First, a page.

What you have seems ok, so long as you have all the connections done right (+ to +, - to -/ground) and are sure of the necessary voltage requirements/limits.

              BTW, your graphic skills humble me.

              PS - Good job wiring the 9-volts in parallel (vs series) - are you sure that'll supply the 1 amp that you need? If so, I don't think it'll last for very long.

              PPS - I spent 6 weeks in San Antonio for USAF basic training. I feel for you, man.

              Comment


              • #8
                yes, i have taken all my time learning the complexities of ms paint rather than electronics.



                actually im not THAT stupid, i just tend to overlook stuff that somepeople's 'common sense' fills in for them. I'm not stupid, i just lake common sense
                Current status:
                wtf is a carputer??

                Comment


                • #9
                  Originally posted by rubicon
                  PPS - I spent 6 weeks in San Antonio for USAF basic training. I feel for you, man.
                  what base?
                  Current status:
                  wtf is a carputer??

                  Comment


                  • #10
                    Originally posted by Redeyez
                    what base?
                    Lackland - that's where USAF does all of its BMT. Then on to technical training - 4 glorious months at Keesler, in Biloxi Mississippi!

                    It was all quite a bit to take in for a boy from New Jersey.

                    Comment


                    • #11
                      i just tested the battery, and i can pull 5 amps off it, but it drops fast. I hope that with two wired up, 1 amp could go for a bit of time. maybe i would have to go with three? I'm considering getting a switching transformer (i think that's what it's called), so it would be more efficent. (please advise as i'm surly WAY off track here).
                      Current status:
                      wtf is a carputer??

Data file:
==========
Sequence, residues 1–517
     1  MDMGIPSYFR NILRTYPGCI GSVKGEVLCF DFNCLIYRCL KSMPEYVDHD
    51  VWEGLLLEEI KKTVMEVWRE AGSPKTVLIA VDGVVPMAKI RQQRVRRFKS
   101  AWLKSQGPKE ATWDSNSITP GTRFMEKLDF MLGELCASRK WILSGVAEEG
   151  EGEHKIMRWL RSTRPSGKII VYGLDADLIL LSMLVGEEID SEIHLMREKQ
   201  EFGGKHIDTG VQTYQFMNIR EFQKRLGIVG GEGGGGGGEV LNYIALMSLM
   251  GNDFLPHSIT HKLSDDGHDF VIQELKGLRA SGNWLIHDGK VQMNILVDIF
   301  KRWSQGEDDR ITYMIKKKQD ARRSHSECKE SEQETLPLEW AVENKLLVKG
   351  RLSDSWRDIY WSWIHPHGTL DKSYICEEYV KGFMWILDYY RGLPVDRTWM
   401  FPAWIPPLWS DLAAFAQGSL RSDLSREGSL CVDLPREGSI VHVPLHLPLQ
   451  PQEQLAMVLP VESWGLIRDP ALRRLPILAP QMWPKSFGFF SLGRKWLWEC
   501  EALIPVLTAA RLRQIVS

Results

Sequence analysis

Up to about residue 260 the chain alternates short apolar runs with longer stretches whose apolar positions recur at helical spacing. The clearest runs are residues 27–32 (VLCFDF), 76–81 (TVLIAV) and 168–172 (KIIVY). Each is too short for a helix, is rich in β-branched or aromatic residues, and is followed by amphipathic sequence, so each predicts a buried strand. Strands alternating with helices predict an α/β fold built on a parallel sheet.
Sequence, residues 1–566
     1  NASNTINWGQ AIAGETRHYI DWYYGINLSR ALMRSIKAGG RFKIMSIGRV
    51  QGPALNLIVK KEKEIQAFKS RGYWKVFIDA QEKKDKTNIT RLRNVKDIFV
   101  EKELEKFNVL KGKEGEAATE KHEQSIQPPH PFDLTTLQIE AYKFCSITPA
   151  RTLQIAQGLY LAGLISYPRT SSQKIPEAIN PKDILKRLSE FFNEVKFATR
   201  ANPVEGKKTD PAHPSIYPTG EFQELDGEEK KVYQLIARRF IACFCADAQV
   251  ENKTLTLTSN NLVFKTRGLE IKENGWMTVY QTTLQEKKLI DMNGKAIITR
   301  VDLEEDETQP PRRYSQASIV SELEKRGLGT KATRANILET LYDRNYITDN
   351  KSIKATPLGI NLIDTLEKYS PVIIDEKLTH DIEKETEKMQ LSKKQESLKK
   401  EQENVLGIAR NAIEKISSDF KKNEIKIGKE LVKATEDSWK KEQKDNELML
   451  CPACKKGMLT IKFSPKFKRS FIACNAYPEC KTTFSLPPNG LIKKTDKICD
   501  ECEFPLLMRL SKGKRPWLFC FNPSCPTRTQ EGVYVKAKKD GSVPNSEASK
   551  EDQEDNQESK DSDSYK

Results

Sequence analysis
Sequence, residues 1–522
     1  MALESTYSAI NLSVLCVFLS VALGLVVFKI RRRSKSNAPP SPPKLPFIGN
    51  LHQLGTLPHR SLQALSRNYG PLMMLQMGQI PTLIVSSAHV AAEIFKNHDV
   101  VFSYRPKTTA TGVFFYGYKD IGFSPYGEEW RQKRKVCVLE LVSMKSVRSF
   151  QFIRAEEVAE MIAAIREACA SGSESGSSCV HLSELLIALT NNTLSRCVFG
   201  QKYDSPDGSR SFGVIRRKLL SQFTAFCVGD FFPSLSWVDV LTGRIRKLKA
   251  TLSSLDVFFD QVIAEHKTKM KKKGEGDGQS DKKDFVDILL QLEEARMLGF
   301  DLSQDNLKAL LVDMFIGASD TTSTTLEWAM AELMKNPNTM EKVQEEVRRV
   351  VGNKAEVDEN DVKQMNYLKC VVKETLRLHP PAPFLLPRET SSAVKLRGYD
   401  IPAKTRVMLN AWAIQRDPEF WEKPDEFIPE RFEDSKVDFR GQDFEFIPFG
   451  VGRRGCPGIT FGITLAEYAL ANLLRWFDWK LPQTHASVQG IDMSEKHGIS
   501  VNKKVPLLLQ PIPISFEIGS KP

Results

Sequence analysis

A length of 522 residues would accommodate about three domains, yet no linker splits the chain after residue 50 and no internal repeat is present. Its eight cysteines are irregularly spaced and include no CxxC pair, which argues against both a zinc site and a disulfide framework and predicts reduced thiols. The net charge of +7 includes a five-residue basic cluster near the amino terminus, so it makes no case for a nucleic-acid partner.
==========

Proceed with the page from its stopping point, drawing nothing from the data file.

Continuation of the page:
Comment


                      • #12
                        Well, as long as you wire them in parallel (as you have been), adding more batteries will decrease the load on each individual battery, and the circuit will last longer while still providing 9V. For example, 2x9V in parallel (assuming 1000mAH [milliamp/hours] per batt) = 2000mAH at 9V - that's 2000 miliamps (2 amps) for a period of one hour. (My numbers are just pulled out of the air, so don't follow my instructions verbatim.)

                        A linear regulator is more wasteful (of energy, in the form of heat) than a switching one would be - but is cheaper, and generally smaller. See what kind of life you get out of the 2x9V setup, and if that doesn't work for you, put another 9V in the circuit.

                        Comment


                        • #13
                          Thanks for all the help rubicon. I apologize for all the stupid questions and appreciate your replies. Thanks for not flaming me, too!
                          Current status:
                          wtf is a carputer??

                          Comment


                          • #14
                            I was born at Lackland :d

                            My Ipod ( the "amazing" shuffle..) has a male usb, and just plugs into the computer to recharge. Pretty much the only neat thing about it. Got it for free so..
                            05 Acura RSX Type S
                            - Back to the Planning Stage -
                            ETA: ???

                            Comment


                            • #15
                              how did you get a free shuffle?
                              don't really want one, though. dosen't even have a screen!
                              Current status:
                              wtf is a carputer??

                              Comment

                              Working...
                              X